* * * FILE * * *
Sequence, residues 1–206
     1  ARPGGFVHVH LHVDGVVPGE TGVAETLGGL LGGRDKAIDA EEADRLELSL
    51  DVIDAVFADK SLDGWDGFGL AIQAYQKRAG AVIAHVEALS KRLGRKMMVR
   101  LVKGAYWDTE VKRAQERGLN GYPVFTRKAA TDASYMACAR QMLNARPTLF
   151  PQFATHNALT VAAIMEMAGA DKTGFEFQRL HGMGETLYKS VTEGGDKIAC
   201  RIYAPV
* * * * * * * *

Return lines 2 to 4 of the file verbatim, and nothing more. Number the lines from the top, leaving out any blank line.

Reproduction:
     1  ARPGGFVHVH LHVDGVVPGE TGVAETLGGL LGGRDKAIDA EEADRLELSL
    51  DVIDAVFADK SLDGWDGFGL AIQAYQKRAG AVIAHVEALS KRLGRKMMVR
   101  LVKGAYWDTE VKRAQERGLN GYPVFTRKAA TDASYMACAR QMLNARPTLF